LPS Update – Care Home Manager role on hold, full implementation of LPS by April 2022
As many providers will recall, Minister for Care, Helen Whately, confirmed in July that it would not be possible to implement the Liberty Protection Safeguards (LPS) by October 2020 and set a new target date for ‘full implementation’ by April 2022. Some provisions, covering new roles and training, will of course come into force ahead of that date. Minutes of the recent steering group meeting, published today, provide an update.
Six sets of Regulations
The LPS National Steering Group met in October for the first time since February and confirmed that there will be six sets of regulations which set out how the LPS will operate in England. Updates were provided by the Department of Health and Social Care in relation to five of these as follows:
- The Independent Mental Capacity Advocate (IMCA) role under LPS will be set out in regulations.
- Eligibility criteria and statutory training needed to be an Approved Mental Capacity Professional (AMCP) under LPS will be set out in regulations.
- There will be a conversion course for Best Interests Assessors (BIAs) under the Deprivation of Liberty Safeguards (DoLS) to become AMCPs under LPS.
- Practicing Social workers, nurses; Speech and Language Therapists, psychologists and occupational therapists will be eligible for the AMCP role.
- A definition of a prescribed connection to a care home will be set out. Individuals who meet that definition will not be able to act as an AMCP in certain cases.
- Transitional regulations will set out the legal framework for LPS and DoLS to run alongside each other for the first year of implementation. This will ensure that people who are subject to a DoLS authorisation or a Court Order, which runs into the first year of LPS implementation, are still able to access the necessary safeguards until their authorisation or Order ends.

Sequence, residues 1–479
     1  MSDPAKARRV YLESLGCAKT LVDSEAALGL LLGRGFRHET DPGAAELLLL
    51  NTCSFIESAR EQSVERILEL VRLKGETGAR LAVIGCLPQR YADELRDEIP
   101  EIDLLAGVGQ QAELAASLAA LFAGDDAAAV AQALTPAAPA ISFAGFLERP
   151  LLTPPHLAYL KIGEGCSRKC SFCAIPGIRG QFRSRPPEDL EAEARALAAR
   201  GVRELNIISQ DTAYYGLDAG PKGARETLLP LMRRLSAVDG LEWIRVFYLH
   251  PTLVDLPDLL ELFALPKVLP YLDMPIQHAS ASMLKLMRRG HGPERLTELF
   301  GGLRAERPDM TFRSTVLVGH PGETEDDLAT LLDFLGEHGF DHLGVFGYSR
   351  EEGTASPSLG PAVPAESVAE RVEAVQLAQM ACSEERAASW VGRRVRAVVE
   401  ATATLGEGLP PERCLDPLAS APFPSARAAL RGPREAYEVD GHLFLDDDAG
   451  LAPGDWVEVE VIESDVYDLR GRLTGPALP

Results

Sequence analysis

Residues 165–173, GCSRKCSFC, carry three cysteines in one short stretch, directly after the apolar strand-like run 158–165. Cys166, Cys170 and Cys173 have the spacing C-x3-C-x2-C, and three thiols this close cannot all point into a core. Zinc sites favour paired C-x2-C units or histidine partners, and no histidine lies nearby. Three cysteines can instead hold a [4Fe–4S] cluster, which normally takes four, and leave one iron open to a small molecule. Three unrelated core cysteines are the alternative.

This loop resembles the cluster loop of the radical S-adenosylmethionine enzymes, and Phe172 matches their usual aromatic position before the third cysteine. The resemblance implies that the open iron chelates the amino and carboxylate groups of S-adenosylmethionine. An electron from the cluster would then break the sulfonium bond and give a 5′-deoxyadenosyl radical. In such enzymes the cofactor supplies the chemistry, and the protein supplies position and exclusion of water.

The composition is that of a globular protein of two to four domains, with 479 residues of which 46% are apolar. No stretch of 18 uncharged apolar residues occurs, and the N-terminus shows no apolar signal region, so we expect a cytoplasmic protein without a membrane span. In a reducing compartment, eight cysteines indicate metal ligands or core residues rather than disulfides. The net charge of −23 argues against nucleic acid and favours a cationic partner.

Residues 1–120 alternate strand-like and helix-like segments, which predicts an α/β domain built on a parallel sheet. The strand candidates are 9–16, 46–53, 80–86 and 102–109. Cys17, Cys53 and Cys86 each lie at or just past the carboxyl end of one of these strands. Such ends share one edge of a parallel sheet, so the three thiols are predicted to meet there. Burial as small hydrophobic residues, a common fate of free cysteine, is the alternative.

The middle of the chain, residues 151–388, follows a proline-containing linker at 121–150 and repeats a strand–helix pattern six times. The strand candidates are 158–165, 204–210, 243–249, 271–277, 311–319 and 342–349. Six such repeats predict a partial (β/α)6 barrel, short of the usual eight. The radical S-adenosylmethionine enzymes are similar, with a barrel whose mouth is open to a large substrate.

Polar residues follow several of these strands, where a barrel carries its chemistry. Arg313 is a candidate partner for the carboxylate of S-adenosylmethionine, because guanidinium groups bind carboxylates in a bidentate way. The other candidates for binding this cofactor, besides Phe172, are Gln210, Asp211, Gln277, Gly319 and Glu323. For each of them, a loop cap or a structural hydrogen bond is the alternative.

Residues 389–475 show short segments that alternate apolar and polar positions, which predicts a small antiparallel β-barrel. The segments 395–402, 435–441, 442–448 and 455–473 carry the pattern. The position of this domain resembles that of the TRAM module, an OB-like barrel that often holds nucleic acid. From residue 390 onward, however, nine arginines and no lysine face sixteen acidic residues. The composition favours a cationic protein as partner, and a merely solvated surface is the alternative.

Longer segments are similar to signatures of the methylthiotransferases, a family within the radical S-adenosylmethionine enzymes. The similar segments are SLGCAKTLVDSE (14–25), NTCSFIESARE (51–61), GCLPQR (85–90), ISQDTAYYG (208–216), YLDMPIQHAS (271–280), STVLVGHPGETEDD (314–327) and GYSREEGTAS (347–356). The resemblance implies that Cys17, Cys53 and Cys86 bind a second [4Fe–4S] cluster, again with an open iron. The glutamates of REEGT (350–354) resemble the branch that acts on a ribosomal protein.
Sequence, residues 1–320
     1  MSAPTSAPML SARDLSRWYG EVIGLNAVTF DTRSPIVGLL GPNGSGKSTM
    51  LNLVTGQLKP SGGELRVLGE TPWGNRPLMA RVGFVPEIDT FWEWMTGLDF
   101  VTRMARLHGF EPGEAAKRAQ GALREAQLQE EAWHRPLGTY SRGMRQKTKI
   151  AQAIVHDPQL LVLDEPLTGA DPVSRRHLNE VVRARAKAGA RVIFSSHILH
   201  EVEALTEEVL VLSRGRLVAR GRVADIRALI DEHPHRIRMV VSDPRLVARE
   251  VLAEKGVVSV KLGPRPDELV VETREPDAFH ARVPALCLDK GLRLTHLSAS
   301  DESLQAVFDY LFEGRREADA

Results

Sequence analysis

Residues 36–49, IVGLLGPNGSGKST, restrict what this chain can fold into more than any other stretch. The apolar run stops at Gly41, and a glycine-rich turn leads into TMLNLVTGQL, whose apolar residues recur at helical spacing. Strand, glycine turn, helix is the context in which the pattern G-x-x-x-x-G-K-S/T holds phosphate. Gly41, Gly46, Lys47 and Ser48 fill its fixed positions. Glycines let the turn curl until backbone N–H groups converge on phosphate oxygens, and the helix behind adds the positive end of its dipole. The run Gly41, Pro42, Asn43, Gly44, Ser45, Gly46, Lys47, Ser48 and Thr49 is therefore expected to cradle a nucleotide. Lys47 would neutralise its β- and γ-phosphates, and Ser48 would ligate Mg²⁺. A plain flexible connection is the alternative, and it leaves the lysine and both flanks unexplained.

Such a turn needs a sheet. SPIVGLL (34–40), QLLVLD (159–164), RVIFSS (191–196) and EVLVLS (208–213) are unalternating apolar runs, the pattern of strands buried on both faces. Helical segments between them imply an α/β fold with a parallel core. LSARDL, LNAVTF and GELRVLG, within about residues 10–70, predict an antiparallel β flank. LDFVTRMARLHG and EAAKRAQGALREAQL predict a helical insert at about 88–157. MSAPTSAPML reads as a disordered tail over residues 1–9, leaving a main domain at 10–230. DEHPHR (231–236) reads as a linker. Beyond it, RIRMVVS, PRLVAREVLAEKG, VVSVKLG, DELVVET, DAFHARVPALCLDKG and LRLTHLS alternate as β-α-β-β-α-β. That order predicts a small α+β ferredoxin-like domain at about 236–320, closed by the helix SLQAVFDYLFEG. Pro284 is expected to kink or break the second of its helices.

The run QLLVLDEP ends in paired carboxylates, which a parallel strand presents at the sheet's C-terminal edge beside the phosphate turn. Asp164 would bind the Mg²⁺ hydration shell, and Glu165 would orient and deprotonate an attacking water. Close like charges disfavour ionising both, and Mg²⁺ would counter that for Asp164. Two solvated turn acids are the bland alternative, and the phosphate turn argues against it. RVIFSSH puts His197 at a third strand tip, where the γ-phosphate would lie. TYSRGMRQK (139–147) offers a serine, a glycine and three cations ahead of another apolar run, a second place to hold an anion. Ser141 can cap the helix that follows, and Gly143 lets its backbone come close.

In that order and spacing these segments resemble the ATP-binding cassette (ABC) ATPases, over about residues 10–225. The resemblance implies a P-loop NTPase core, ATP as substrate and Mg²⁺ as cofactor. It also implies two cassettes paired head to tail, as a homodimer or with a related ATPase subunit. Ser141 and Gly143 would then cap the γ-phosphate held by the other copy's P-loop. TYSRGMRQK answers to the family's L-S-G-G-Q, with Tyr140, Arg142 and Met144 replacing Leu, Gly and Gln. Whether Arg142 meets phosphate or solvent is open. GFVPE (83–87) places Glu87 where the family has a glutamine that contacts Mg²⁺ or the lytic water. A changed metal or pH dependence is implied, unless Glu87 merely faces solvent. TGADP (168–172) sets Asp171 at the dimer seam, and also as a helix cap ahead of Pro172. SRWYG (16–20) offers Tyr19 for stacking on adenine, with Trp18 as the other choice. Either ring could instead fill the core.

- Assessments regulations will set out who is able to carry out assessments and determinations under LPS.
- Consequential regulations will amend other pieces of legislation requiring an update.
Role of Care Home Manager currently on hold
It was acknowledged that the role of the Care Home Manager as set out within the Mental Capacity (Amendment) Act 2019 was contentious and that the Government had carefully considered representations from across the sector.
Many were concerned about the increased workload and responsibility this would bring for care home managers and highlighted there may be conflict of interest scenarios in circumstances where managers would be hesitant to flag issues that would lead to increased scrutiny. The training required to enable managers to complete the role was also thought to have been significantly underestimated.
The minutes confirm the Government has decided not to implement this aspect of the MC(A)A in England, for now. The relevant provisions will therefore not be commenced in April 2022. The Steering Group noted that the aim to ensure those who know the person best lead the process remains valid, however now was not the right time to introduce this particular aspect of the regime.
This briefing is for guidance purposes only. RadcliffesLeBrasseur LLP accepts no responsibility or liability whatsoever for any action taken or not taken in relation to this note and recommends that appropriate legal advice be taken having regard to a client's own particular circumstances.